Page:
I have to say not every new mum has had such a negative experience with medical staff, I hear there are caring and supporting maternity wards out there, I just feel this is not the case at all at King’s College Hospital, or at least I was unlucky enough to get the worst team combination ever just that night.
OK, thanks God for the invention of epidural: I thought I would have died without it, or go crazy from that torture (2 mins long strong contractions with only 30 secs breaks in between for nearly 3 hours non stop, no time to speak or change position). But hey, let’s not forget that the introduction of epidural itself probably came at the time of all the other medical interventions such as the procedure with hormones to get your labor started (that’s why I believe you don’t necessarily need it in a natural birth from beginning to end).
At that point yes, you do feel an immense relief and your poor husband as well starts breathing again, after watching you powerless in agony for hours: mine finally got a chance to go for a wee and have a quick sandwich for dinner at 12.30am. But you are now numb, which means, unless you have amazing medical support that explains you what to expect, you have no idea how to deliver your baby without the animal instinct you would feel with every pushing contraction.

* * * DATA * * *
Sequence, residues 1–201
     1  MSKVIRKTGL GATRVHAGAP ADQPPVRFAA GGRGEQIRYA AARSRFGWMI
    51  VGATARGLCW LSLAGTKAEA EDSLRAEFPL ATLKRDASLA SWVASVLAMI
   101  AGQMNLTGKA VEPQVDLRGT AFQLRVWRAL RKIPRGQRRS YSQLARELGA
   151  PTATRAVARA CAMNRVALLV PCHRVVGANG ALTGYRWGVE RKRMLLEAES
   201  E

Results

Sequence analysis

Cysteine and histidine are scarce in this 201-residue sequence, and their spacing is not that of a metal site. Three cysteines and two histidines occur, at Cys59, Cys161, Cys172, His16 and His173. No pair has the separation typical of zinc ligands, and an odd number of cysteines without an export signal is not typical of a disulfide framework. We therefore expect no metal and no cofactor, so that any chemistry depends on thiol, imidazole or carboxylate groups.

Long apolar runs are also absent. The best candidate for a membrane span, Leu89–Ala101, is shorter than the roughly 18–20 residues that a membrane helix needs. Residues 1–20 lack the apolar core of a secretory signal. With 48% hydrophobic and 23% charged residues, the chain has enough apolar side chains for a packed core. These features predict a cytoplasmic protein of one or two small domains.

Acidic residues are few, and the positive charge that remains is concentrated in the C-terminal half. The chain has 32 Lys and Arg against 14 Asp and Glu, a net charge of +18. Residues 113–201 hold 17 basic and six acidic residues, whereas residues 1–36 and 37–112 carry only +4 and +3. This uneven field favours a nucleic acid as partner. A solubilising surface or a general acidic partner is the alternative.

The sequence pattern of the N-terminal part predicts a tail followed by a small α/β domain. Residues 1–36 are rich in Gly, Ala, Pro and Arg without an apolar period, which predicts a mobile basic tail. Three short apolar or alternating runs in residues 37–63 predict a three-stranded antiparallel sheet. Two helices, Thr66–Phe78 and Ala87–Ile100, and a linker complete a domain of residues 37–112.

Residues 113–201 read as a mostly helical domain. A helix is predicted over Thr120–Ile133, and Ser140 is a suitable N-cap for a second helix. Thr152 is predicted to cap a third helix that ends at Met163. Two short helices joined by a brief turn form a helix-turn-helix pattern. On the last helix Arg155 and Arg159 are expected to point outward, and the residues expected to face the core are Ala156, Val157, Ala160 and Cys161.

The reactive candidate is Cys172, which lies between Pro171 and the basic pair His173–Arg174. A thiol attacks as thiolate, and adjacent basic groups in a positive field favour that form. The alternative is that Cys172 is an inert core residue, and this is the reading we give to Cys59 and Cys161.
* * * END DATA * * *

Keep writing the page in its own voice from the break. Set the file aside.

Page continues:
And that’s when, as soon as doctors feel the delivery is getting out of their control, they speed up things by any mean they can, such as ventouse, in my case leaving me with a 3rd degree tear, which sounds scary and you have no idea what it implies (nothing in 99% of cases, apart from stitches and a bit longer for the scar to heal – though you are still left there to imagine the worst).
And then here he comes: after being quickly checked by the paediatrician and quickly cleaned from the blood by a midwife, your baby is finally laying on your breast where he belongs and you cannot remember a tiny little pinch of the pain you have been going through the past day or so. You think your baby is absolutely perfect, you feel an intense joy that personally nothing else in life has given me so far, especially when you share it with your partner.
But despite absolutely in love with my son and my new role of mother, to go back to his birth story, I returned home with the impression I would never be able to give birth again, yet alone to have a sex life or open my bowels in a functional way. I kept on looking at my bundle of joy to find the strength to focus on the best start to breast feed him, to find the energies deep in my heart to look after him with love and care, instead of despairing about my damaged body which I was sure would never return the same.
I didn’t know at the time that I would make an amazing recovery within two months, despite my 3rd degree tear and several stitches, that my sex life would have not been affected at all once my scar healed (actually it has improved in some aspects, funny enough!), and that my body functions would be intact as well and working as normal from the minute I returned home.